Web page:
Fourteen F4Us provided high cover for a B-24 bombing mission on Kahili, arriving over target at 1600L. They contacted an estimated twenty ZEROS at 16,000 to 17,000 feet.
Results of this contact: Four ZEKES, with no losses to ourselves.
Post by aircraftclocks on May 19, 2021 10:41:47 GMT 12
3 September 1943:
Sixteen F4Us, VMF-215 and VMF-123, were off at 1335L on a strafing mission to Kahili. They arrived over target at 1430L. Twelve planes provided cover for four strafing planes. Their run on the Kahili field was made from west to east, passing over the northwest end of the strip. Hall started firing just before clearing the trees bordering the field, and continuing firing for three seconds. Three of the strafers had no opportunity to observe damage done by the strafing, but the fourth strafer found himself lined up with, and in perfect position, to strafe a large revetment with about ten VF in it. At least four exploded, and others are believed damaged. No enemy planes were seen in the air during the attack.
Ten F4Us (VMF-215 and VMF-123) were off at 1635L for a B-25 strike on Vila. No contact was made during the strike. The bombing run was made at 1,000 feet, and strafing runs made at lower altitudes. No personnel, A/A fire, or activity seen.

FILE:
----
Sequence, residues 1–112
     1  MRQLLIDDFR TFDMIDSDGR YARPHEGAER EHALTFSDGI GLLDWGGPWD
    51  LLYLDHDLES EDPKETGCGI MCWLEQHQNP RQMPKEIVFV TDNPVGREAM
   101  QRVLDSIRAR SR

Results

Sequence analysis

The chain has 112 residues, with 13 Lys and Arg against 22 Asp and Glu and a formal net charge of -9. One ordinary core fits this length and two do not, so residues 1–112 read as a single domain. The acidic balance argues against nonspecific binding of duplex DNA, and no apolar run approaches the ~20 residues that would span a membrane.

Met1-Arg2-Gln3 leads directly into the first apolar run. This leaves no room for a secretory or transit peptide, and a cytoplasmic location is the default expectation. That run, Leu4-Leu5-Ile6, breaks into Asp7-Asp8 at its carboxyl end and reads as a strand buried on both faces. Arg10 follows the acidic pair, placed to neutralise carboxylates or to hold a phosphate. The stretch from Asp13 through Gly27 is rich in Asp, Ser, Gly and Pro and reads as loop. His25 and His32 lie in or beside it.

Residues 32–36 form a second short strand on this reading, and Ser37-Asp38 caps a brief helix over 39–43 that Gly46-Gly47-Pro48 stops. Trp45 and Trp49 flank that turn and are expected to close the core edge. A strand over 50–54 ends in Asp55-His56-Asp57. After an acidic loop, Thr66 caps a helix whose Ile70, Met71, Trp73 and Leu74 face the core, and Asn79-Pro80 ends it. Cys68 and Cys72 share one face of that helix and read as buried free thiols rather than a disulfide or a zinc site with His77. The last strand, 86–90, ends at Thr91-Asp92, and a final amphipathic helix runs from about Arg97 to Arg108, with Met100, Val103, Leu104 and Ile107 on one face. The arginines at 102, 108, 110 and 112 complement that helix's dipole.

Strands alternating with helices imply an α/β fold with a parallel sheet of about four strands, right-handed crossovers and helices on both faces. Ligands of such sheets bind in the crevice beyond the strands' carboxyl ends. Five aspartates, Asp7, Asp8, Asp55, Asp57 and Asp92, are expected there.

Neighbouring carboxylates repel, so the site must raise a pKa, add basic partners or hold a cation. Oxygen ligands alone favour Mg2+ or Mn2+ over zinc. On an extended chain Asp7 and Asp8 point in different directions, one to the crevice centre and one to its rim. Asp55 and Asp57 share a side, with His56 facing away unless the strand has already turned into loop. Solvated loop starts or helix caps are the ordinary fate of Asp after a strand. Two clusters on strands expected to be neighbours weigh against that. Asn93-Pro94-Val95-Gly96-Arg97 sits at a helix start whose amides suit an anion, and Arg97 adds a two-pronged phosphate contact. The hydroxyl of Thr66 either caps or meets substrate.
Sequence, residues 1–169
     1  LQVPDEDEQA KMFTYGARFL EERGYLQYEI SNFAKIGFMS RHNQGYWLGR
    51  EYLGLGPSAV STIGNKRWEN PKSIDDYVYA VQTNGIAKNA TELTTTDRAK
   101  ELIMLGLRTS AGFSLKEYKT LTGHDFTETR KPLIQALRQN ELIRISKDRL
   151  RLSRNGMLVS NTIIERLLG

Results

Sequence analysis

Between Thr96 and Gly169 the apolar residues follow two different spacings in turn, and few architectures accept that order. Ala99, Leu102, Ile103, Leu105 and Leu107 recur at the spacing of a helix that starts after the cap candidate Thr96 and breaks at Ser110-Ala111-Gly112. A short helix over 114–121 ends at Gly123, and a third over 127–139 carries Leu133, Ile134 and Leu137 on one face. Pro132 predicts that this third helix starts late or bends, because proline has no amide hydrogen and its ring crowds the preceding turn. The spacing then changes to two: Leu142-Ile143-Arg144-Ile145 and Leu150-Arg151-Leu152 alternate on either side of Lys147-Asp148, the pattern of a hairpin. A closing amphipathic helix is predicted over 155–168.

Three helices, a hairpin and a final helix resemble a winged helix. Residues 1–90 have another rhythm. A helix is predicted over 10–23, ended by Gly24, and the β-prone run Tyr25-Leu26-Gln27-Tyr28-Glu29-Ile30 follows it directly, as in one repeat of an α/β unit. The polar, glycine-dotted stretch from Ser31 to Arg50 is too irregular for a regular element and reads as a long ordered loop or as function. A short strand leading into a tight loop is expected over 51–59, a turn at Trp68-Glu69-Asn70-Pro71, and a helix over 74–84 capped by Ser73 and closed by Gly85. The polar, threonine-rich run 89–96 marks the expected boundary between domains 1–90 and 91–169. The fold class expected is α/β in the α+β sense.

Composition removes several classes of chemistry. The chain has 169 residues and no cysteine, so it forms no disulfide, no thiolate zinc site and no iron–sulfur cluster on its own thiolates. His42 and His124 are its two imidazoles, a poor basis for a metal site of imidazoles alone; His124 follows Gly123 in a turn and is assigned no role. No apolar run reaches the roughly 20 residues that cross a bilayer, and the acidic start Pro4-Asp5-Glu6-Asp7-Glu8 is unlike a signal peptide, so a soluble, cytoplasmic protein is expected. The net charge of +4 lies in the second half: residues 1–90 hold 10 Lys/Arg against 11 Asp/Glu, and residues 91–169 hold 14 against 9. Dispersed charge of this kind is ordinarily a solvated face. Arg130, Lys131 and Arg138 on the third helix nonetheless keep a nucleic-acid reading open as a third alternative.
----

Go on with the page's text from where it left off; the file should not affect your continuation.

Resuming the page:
Post by aircraftclocks on May 19, 2021 10:42:33 GMT 12
4 September 1943:
Four F4Us were off at 1100L for escort on Vila Airfield and Dolo Cove strike. They arrived over the target at 1130L. No contact, but observed considerable A/A about 4,000 feet over Vila. Bombing was good. Observed one SBD crash in water. The crew of this plane was seen to be picked up by a barge.
Post by aircraftclocks on May 19, 2021 10:43:54 GMT 12
5 September 1943:
Two F4Us were off at 0952L to strafe a barge at Kundu Kundu Bay, Kolombangara. They were over target at 1005L. The barge was thoroughly strafed and left smoking. They received small machine gun fire from shore, but it did no damage.
A reconnaisance mission was off at 1316L for Vila Airfield with instructions to strafe any target observed. They passed over the field twice at altitudes from twenty to five hundred feet, and saw no activity whatsoever. They received some A/A from the mountainside well north of the north end of the strip.
Eleven F4Us were off at 1330L to strafe Zoga, a village on the east side of Sambi Point, Choiseul Island, which was reported to be occupied by Japs. The whole area was thoroughly gone over, and all the huts strafed. There was no sign of Japs anywhere.